Keeping the lid on risk

Thomas wells explains why volatility isn’t necessarily a very good measure of risk.

The financial services industry is fixated with using volatility as a measure of risk to the extent that the terms volatility and risk are used interchangeably. Indeed, some multi-asset portfolios target a certain level of absolute volatility as the sole means of controlling risk. Yet risk is multi-faceted and no one metric can properly capture it. After all we must not forget that to most clients, risk is the danger of losing money. At Aviva Investors we believe there are pitfalls therefore to blindly targeting the volatility of returns.

These include the fact that volatility fluctuates over time. So a fund targeting 20% volatility in 2011 would translate to a portfolio consisting of 100% global equity. Fast forward to 2017, a period of lower volatility, and to achieve the same arbitrary 20% number, the fund manager would have to either leverage the portfolio or increase exposure to more volatile and risky assets. The problem with this approach is that when a period of market distress materialises, investors could lose more money than anticipated as fund managers are forced to sell risky assets into a declining market.

Figure 1: Rolling Three-year monthly volatility of MSCI AC World Index in sterling, 2003-2017

Source: Bloomberg as at 30 June 2017

Moreover, volatility is a poor indicator of forward risk. As you can see from the chart above, it was at extraordinarily low levels in the run up to the global financial crisis. Unlike many multi-asset managers, Aviva Investors take a different approach, targeting percentages of equity volatility rather than absolute volatility. While absolute volatility varies significantly over time, the inherent risk of investing in equities remains relatively constant.  By targeting percentages of equity volatility, the risk profile of our funds will remain relatively constant over time.

We also believe that, rather than narrowly focusing on volatility, a robust portfolio construction process lies at the heart of any successful multi-asset solution.  For the Aviva Investors Multi-asset Fund range, we focus on three key elements: Strategic, Tactical and Implementation.

  • Strategic asset allocation

    This is where we create our long-term portfolios that are aligned to your clients’ chosen risk and reward profiles.  We apply a global approach to our asset allocation to help in avoiding home bias.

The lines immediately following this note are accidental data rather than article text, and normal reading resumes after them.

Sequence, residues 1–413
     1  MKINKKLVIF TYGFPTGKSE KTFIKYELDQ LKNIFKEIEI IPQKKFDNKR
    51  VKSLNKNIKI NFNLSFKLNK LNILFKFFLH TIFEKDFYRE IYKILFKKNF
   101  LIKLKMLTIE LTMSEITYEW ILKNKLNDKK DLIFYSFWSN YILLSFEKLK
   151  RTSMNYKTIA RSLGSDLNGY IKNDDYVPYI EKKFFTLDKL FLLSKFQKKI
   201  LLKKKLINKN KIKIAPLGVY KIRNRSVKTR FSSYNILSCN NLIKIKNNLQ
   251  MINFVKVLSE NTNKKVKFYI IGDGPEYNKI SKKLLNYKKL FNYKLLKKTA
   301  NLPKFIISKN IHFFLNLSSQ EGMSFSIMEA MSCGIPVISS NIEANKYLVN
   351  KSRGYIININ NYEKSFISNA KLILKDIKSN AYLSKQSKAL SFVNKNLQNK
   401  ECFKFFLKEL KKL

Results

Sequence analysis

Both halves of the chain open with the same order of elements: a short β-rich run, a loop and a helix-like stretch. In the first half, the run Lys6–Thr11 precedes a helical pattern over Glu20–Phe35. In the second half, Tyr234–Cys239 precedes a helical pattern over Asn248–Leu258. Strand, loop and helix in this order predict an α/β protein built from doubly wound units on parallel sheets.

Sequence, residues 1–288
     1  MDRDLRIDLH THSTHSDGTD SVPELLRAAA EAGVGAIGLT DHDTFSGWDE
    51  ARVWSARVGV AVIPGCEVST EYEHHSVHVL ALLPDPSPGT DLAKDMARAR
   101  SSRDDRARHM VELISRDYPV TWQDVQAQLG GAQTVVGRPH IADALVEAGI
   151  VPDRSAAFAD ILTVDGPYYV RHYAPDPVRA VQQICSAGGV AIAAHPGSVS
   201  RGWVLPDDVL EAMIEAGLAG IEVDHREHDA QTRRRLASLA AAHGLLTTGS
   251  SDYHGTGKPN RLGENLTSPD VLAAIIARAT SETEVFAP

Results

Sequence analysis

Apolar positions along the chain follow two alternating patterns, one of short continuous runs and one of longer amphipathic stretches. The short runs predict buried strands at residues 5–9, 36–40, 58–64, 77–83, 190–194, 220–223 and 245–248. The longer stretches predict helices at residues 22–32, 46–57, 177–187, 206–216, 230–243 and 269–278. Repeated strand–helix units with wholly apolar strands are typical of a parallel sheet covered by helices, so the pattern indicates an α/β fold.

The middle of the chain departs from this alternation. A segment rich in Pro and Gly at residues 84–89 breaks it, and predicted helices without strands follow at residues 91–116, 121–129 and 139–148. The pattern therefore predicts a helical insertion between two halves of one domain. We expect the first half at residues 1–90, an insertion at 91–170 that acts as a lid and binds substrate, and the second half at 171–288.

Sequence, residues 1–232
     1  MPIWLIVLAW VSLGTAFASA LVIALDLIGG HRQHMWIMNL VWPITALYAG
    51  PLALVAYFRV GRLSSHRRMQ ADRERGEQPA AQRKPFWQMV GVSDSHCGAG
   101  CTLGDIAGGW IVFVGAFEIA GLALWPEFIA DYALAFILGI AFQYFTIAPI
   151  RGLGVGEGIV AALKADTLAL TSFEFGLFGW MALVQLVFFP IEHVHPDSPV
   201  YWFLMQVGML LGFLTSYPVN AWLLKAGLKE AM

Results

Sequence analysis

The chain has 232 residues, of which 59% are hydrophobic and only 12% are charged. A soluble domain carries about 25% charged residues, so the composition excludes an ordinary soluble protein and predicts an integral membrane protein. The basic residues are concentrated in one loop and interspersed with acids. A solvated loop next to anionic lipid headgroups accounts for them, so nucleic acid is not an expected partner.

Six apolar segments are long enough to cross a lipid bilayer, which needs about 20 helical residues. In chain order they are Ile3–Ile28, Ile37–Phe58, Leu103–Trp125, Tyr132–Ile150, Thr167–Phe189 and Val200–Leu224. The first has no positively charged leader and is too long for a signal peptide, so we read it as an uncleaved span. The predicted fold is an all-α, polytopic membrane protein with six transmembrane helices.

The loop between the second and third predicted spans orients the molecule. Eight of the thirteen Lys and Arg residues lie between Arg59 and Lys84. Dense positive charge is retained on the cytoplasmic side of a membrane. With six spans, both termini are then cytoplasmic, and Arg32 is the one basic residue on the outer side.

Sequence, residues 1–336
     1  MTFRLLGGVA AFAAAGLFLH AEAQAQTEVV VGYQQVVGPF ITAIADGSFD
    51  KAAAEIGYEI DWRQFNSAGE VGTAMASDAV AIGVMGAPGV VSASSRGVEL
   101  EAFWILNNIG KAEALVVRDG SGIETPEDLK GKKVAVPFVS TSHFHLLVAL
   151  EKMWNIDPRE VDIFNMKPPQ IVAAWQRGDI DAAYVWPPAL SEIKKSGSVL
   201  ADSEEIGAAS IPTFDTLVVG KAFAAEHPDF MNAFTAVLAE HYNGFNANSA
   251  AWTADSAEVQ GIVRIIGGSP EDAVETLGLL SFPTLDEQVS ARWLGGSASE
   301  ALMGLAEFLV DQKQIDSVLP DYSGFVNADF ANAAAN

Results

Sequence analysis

• Tactical asset allocation

    To target additional returns or in seeking to protect the portfolios, we make deviations from our strategic asset allocation in line with our House View. These are shorter term in nature (12-18 month time horizons) and involve both regional and sector calls.

  • Implementation

    We believe implementation is as important as idea generation. When we build portfolios, we take each asset’s contribution to risk into account and stress test the portfolios to help in aiming to deliver consistent client outcomes.

Key Takeaways

  • Volatility is not necessarily a good measure of risk, especially in isolation.
  • There are pitfalls to blindly targeting an absolute level of volatility as a means of managing risk.
  • Portfolio construction is important when looking to deliver consistent client outcomes.

Key Risks

The value of an investment and any income from it can go down as well as up and can fluctuate in response to changes in currency exchange rates. Investors may not get back the original amount invested.

The funds invest in emerging markets, these markets may be volatile and carry higher risk than developed markets. The funds use derivatives; these can be complex and highly volatile. This means in unusual market conditions the funds may suffer significant losses.

Investors’ attention is drawn to the specific risk factors set out in the funds’ share class key investor information document (“KIID”) and Prospectus.

Issued by Aviva Investors UK Fund Services Limited

Important Information

For financial advisers only.  This commentary is not an investment recommendation and should not be viewed as such. Except where stated as otherwise, the source of all information is Aviva Investors as at 31 December 2017.  Unless stated otherwise any opinions expressed are those of Aviva Investors. They should not be viewed as indicating any guarantee of return from an investment managed by Aviva Investors nor as advice of any nature.

The Aviva Investors Multi-asset Fund range comprises the Aviva Investors Multi-asset Fund I (“MAF I”), the Aviva Investors Multi-asset Fund II (“MAF II”), the Aviva Investors Multi-asset Fund III (“MAF III”), the Aviva Investors Multi-asset Fund IV (“MAF IV”) and the Aviva Investors Multi-asset Fund V (“MAF V”) (together the “Funds”). The Funds are sub-funds of the Aviva Investors Portfolio Funds ICVC. For further information please read the latest Key Investor Information Document and Supplementary Information Document. Copies of these documents and the Prospectus are available to download in English from our document library on